Ensure Indoor Comfort and Energy Efficiency through the Heating Season

Dec. 7, 2006
This step-by-step checklist helps you ready your facilities for winter

With it being heating season in many parts of the country, it’s time to ensure that your building systems will uphold occupant comfort, health, and productivity, while consuming energy efficiently. Facility operators and managers can take steps this winter to ensure optimal building performance regardless of weather conditions.

Keep temperatures comfortable and constant. Throughout the heating season, facility managers need to closely monitor temperatures through their building-control systems. Take measures to avoid temperatures that are too high, too low, or fluctuating. This may involve adjusting thermostat controls and equipment sequencing, or resolving heat-loss problems.

Building temperature swings not only cause occupant discomfort and illness, but also have financial ramifications. Research (such as “Linking Environmental Conditions to Productivity,” the ergonomics study by Alan Hedge of Cornell University) shows that productivity drops when work space temperatures fall outside the thermal comfort zone, which typically lies between 69 to 73 degrees F. In addition to occupant discomfort, temperature fluctuations and uneven distribution of heat also waste energy and increases utility costs.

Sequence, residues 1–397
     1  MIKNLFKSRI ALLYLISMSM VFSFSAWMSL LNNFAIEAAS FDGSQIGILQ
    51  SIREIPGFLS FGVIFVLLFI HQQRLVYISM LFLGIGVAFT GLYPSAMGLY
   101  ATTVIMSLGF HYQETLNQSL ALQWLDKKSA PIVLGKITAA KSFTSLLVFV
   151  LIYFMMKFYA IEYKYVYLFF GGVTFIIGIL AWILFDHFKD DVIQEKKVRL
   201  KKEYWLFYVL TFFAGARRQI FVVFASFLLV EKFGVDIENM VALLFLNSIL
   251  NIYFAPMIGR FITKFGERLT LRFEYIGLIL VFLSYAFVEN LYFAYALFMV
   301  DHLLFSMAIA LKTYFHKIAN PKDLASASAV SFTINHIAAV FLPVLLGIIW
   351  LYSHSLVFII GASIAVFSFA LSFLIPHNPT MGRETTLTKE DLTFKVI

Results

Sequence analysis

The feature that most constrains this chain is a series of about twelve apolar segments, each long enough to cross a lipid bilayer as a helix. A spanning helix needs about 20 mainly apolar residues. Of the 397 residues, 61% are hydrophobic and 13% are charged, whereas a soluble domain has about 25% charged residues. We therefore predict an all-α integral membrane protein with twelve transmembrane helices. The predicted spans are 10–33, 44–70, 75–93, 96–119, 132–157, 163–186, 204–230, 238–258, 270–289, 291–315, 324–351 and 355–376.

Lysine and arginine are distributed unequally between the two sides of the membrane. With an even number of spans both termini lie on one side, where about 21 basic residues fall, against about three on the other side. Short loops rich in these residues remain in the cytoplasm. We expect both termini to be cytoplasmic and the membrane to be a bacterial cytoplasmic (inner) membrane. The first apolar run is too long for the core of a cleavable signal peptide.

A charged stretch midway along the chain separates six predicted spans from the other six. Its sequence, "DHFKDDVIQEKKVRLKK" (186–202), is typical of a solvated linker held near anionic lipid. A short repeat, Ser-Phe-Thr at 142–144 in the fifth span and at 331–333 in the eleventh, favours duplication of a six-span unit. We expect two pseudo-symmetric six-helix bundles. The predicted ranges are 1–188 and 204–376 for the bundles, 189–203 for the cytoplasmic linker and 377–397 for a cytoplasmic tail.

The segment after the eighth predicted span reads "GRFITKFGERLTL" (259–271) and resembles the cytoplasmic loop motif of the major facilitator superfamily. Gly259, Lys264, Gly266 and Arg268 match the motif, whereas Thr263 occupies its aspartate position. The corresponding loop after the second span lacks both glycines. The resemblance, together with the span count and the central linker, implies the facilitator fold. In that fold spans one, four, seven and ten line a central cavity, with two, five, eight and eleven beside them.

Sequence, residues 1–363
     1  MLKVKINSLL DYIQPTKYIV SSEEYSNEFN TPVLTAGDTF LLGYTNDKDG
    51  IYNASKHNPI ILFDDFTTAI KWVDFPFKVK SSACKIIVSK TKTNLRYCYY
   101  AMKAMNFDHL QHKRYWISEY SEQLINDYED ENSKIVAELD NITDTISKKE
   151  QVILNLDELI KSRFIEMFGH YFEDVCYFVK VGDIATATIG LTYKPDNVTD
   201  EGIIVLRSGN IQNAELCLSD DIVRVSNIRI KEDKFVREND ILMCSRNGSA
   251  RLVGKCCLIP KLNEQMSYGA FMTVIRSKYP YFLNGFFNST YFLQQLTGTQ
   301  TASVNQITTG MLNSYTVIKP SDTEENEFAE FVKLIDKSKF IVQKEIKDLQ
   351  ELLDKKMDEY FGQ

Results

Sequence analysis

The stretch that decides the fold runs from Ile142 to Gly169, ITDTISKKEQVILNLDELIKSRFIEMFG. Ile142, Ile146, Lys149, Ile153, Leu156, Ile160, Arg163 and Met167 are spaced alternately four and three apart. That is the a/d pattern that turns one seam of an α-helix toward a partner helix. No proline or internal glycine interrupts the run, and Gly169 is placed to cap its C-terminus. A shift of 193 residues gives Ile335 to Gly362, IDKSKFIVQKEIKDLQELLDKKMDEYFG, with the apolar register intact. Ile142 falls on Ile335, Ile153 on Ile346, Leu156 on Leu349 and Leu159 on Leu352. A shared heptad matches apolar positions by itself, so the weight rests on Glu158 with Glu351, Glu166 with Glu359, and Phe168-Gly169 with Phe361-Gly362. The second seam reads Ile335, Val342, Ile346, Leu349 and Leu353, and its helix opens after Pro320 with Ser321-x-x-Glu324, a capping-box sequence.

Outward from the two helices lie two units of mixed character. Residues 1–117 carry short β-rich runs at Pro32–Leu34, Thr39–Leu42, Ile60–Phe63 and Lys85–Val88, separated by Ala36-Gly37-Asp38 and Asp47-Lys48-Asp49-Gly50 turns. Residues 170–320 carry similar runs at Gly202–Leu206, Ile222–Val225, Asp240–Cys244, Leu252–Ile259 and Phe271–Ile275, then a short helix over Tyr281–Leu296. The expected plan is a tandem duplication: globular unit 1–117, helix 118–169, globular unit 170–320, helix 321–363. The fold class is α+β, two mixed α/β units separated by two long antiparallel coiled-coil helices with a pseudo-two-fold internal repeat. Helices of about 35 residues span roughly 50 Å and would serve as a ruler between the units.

Besides building-controls technology, one of the best ways to know if you need to adjust the heating system is occupant complaints. Start troubleshooting as soon as people begin to grumble about indoor climate conditions.

Eliminate space temperature variations. Not only should you avoid allowing occupied spaces to reach uncomfortable temperatures, but also eliminate unnecessary temperature differences throughout the facility or within a space. It’s uncomfortable and unhealthy for people to leave a heated room and enter a cold corridor or restroom several times per day.

Often, varying temperature zones are created artificially by dividers, furniture, cold concrete walls, leaky windows, or other factors. Remove objects that block the heat diffusers or obstructed air vents, radiators, or baseboard heating elements. Ensure that thermostat sensors are properly located in the center of the area away from drafts, separation walls, or areas of excessive body heat.

Listen to your system. During the winter, keep your ear to the vents. Rattling in the grills could indicate loose belts or bearings. Make sure to keep fans and air intake and return registers clean of debris with regular vacuuming. Also, consistently check that dampers and valve controls are functioning properly.

Target heat loss with diagnostics. Hiring an expert to conduct an infrared thermography analysis is an inexpensive way to gain useful knowledge about weaknesses in your HVAC system or building envelope.